Jim Zarroli | KGOU
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Jim Zarroli

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This winter, millions of small businesses are barely surviving. Congress has approved another round of loans to help those businesses. But as NPR's Jim Zarroli reports, it won't be enough for those closest to the edge.

No one predicted what a tumultuous, stomach-churning year 2020 would be for the stock markets. And few foresaw how well it would end up.

Here are the highlights:

Stocks in meltdown

Between Feb. 12 and March 23, the Dow lost a stunning 37% of its value.

Economic benefits for victims of the pandemic will expire soon if Congress and the president don't act to extend or replace them.

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It took months, but late last night, Congress passed a spending package to help people and businesses struggling through the pandemic. It includes $900 billion in aid. And here's how Democratic Congressman Josh Gottheimer of New Jersey described it.

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When listeners in Fort Wayne, Indiana, tuned into Majic 95.1 in July, they heard something both unexpected and all-too-familiar. The station was playing Christmas music. In the heat of summer.

With the pandemic making life miserable for people, the station was looking for a way to appeal to listeners and boost its ratings, and Christmas songs can be a dependable way of doing so.

Updated at 10:33 a.m. ET

You probably think 2020 has turned out to be a pretty lousy year, what with the coronavirus pandemic, a global recession and unceasing partisan warfare in Washington.

Then again, you're not Jeff Bezos or Elon Musk.

Thanks to soaring stock prices at Tesla, the company Musk founded, the quirky South African-born entrepreneur has seen his personal wealth soar to unimaginable heights of $147 billion.

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This week in California, water became a commodity. That means it can be traded now just like oil or gold. It's a testament to how important water is in a state that's suffering from droughts and wildfires. Here's NPR's Jim Zarroli.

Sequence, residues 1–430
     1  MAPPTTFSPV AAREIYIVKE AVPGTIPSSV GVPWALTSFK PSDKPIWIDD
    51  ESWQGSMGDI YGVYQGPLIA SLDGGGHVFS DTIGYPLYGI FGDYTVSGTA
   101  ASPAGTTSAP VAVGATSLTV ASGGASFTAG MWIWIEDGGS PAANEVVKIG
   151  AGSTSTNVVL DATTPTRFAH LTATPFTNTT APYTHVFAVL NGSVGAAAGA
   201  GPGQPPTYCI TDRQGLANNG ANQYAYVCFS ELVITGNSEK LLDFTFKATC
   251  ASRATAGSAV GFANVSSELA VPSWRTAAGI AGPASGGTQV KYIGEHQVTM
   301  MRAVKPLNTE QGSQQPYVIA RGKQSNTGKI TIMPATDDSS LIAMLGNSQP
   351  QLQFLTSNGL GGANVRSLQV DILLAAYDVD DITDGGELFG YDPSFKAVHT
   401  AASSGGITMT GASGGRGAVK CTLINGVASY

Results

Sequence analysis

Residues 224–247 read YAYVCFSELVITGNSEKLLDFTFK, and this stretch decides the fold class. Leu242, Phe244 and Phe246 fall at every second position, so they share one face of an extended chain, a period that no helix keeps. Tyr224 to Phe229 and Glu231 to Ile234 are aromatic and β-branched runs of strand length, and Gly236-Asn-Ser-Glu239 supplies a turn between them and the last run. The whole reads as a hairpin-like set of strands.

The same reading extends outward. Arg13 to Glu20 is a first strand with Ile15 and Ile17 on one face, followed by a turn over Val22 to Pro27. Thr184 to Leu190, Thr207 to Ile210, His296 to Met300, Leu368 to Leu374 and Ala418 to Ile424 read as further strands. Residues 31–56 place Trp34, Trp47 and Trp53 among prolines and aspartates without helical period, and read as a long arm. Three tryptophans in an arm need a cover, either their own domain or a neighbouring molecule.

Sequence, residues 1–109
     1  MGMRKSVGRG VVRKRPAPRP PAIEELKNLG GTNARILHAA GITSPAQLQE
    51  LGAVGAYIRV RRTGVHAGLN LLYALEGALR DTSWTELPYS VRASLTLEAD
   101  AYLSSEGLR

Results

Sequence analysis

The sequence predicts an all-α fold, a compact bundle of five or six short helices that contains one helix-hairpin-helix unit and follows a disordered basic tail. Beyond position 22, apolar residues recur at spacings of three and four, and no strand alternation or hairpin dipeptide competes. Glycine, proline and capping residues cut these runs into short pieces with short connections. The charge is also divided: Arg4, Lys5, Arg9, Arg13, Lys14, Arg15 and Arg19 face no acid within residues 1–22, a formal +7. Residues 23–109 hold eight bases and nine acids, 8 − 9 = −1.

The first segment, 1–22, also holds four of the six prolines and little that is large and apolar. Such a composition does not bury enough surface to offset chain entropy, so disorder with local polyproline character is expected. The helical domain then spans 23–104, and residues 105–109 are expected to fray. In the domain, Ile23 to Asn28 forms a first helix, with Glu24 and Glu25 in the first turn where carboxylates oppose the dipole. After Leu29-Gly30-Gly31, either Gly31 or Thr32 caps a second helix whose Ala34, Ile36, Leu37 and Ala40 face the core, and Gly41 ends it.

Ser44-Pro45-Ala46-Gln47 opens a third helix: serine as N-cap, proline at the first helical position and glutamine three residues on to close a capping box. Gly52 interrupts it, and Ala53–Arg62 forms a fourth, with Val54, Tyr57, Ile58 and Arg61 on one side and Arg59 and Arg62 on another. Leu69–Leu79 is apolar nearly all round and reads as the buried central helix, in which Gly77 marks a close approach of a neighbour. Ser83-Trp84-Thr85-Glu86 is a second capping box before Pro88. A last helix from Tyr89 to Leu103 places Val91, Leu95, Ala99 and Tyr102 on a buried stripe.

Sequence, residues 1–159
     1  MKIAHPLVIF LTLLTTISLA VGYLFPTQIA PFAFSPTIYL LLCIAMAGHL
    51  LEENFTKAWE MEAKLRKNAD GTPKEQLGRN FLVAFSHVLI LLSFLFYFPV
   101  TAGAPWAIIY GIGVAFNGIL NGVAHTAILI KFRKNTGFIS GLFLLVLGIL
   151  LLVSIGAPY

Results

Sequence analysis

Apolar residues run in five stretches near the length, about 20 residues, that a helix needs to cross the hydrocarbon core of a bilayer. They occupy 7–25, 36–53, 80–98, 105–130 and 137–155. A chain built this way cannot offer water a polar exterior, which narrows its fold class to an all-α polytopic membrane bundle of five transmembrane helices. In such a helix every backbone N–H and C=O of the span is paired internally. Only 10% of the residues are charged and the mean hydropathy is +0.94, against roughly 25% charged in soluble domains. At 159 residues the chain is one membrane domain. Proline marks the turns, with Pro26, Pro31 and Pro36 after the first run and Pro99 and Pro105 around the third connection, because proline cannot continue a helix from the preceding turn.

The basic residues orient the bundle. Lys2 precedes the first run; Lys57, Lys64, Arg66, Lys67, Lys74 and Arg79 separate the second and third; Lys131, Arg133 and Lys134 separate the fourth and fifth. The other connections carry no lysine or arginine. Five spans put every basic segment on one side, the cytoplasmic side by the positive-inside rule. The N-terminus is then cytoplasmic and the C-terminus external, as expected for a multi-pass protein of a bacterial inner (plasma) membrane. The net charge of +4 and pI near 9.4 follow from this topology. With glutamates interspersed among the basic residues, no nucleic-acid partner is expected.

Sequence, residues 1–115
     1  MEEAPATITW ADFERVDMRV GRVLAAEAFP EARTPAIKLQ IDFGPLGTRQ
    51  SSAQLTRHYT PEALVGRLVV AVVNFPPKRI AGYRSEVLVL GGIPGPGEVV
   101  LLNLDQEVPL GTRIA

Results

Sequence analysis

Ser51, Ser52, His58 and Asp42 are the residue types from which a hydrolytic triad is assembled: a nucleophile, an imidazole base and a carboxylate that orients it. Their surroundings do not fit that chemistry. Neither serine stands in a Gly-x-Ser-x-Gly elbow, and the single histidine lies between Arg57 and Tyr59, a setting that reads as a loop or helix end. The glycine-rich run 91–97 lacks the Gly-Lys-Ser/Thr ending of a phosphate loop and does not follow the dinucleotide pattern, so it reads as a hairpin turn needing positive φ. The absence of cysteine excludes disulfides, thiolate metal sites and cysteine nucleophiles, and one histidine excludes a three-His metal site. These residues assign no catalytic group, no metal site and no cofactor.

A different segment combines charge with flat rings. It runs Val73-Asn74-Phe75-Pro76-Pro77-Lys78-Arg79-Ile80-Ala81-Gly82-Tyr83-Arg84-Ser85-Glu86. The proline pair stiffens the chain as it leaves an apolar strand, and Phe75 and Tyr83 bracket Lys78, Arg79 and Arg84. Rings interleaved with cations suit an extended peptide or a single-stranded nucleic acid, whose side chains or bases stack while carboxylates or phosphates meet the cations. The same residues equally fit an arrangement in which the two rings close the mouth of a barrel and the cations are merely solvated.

YouTube is filled with videos promising to teach you how to make big bucks trading stocks on your home computer. Matthew's videos tell you how to lose money.

A real estate agent and amateur investor, Matthew, who prefers his last name not be used because of how it might affect his career, made thousands of dollars trading stocks over the years, only to lose most of it day trading.

Now, in his YouTube videos, he cautions others about the perils of day trading at a time when stay-at-home measures have led millions to buy — and sell — stocks for the first time.

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Nasdaq wants to require the more than 3,000 companies listed on its stock exchange to improve boardroom diversity by appointing at least one woman and at least one minority or LGBTQ+ person to their boards.

Companies would have to report regularly on how many women and minorities sit on their boards and then follow that up by appointing at least one member of each group, under a rule submitted Tuesday to the Securities and Exchange Commission.

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Stocks powered through a historic milestone today. The Dow hit 30,000 for the first time ever. President Trump, who's been mostly staying out of the public eye since the election, appeared briefly at the White House to celebrate.

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Updated at 4:20 p.m. ET

Not even the pandemic could keep the Dow from breaking a major milestone: the 30,000-point barrier.

The Dow Jones Industrial Average powered past 30,000 for the first time Tuesday after President Trump allowed the transition process to begin, even as he has yet to concede.

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More than 150 business leaders are calling on President Trump to concede the election, saying the stalled transition is hurting the United States' reputation and impeding efforts to revitalize the pandemic-ravaged economy.

"Every day that an orderly presidential transition process is delayed, our democracy grows weaker in the eyes of our own citizens and the nation's stature on the global stage is diminished," said a statement signed by 164 chief executives that was released Monday.

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Updated at 6:27 p.m. ET

The Federal Reserve will comply with the Treasury Department's request to let key coronavirus emergency lending programs expire at the end of the year after the two agencies had earlier engaged in an unusual clash over the fate of the funds.

President Trump's slash-and-burn rhetoric against China may have brought few lasting economic benefits so far, but it has succeeded in one fundamental way: No administration can now afford to play nice with the United States' biggest rival.

Trump made hostility toward China a centerpiece of his "America First" trade agenda, launching bitter attacks against Beijing's policies and setting off a trade war by slapping tariffs on two-thirds of Chinese imports.

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